Bat mammarenavirus detection and host distribution in study of highly diverse arenaviruses in neotropical bats, Brazil. A) Geographic ranges of arenavirus-positive bat species indicated by blue (Artibeus planirostris), green (A. lituratus), and red (Carollia perspicillata) colors, according to the International Union for Conservation of Nature ( The brown areas in the map indicate the overlap of the distribution of A. lituratus and C. perspicillata. The absence of A. planirostris distribution in central Brazil likely represents lack of information regarding this species. Filled circles represent regions of sample collection: northwestern region of São Paulo state (red), central region of Paraná state (pink), National Park of Iguaçu, Paraná state (dark blue), and southwestern region of São Paulo state (gray). Number of bats obtained from each region is indicated. Red bat figure indicates where Tacaribe mammarenavirus and Tietê mammarenavirus were detected in the present study. Hosts from which Tacaribe virus was sequenced in other studies, including ticks (Florida, USA), mosquitoes, and bats (Port of Spain, Trinidad and Tobago) are indicated by black pictograms. Map prepared using QGIS desktop software version 3.24 ( B) Areas of arenavirus detection in the northwestern region of São Paulo state, Brazil. Yellow star indicates the capture site of arenavirus-positive A. planirostris, blue star indicates the capture site of arenavirus-positive A. lituratus, and orange star marks the capture site of arenavirus-positive C. perspicillata bats. Tietê River and cities Araçatuba, Valparaíso, and Birigui are indicated. Dark green areas show forest fragments. Map obtained from Google Earth (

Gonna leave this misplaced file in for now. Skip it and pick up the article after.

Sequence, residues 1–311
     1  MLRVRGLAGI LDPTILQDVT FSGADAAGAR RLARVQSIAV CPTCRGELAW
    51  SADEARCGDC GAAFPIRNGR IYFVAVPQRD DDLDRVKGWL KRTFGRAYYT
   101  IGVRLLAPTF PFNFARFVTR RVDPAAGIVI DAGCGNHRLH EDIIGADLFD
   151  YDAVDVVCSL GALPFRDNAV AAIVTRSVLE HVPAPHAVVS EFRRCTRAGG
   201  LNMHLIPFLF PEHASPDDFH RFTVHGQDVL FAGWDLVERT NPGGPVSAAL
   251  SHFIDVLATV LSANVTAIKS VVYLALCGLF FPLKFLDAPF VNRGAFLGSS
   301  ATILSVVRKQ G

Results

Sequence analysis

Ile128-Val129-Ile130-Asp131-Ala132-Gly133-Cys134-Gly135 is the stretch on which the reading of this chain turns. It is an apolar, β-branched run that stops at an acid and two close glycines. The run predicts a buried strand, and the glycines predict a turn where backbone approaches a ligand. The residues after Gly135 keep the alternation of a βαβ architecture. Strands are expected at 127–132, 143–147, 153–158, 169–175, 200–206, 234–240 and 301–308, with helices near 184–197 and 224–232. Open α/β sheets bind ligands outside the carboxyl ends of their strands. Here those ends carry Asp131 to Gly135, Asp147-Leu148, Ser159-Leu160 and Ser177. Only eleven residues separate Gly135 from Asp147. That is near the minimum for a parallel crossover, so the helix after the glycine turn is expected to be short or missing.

Figure 1. Bat mammarenavirus detection and host distribution in study of highly diverse arenaviruses in neotropical bats, Brazil. A) Geographic ranges of arenavirus-positive bat species indicated by blue (Artibeus planirostris),...

We investigated diverse specimens from 1,047 adult bats belonging to 32 species collected from southeastern Brazil (Appendix). We analyzed a total of 3,670 different tissue specimens, including spleens (n = 893), lungs (n = 889), intestines (n = 973), and livers (n = 915), for arenavirus RNA by using reverse transcription PCR (RT-PCR) (9) modified to promote NWA amplification (Appendix Table 1, Figure 1).

We detected arenavirus RNA in 4 Artibeus lituratus, 1 A. planirostris, and 12 Carollia perspicillata bats; the overall detection rate was 1.62% (95% CI 0.95%–2.59%). Arenavirus-positive bats were collected during 2007–2011 from 3 sampling sites located in both forest and urban areas within a 60-km radius (Figure 1), suggesting arenavirus maintenance in bat populations in this region. All 3 arenavirus-positive bat species are abundant in tropical environments and well-adapted to urban landscapes, indicating potential for dispersion and spillover to humans and other animals.

Most arenavirus-positive bats were collected in 2 forest fragments in 2007 (Tables 1, 2; Figure 1), where most bat species positive for arenavirus RNA were sampled. Whether high detection rates at those sites correspond to epizootics or sampling bias remains unknown.

All arenavirus-positive animals appeared healthy, suggesting limited negative effects of arenavirus infection on bat hosts. This observation was similar in rodent arenavirus hosts (10) and consistent with high TCRV seroprevalence in a serologic survey (4) but different from experimental TCRV infections (5), likely because of different routes and high doses used for infecting bats in laboratory settings. High seroprevalence and low arenavirus detection rates suggest that arenaviruses do not infect bats persistently, which is distinct from results for rodent arenavirus infections (11). Lack of persistence is important for public health because it indicates potential limitations of arenavirus shedding by bat hosts whose lifespan is <8–12 years (12).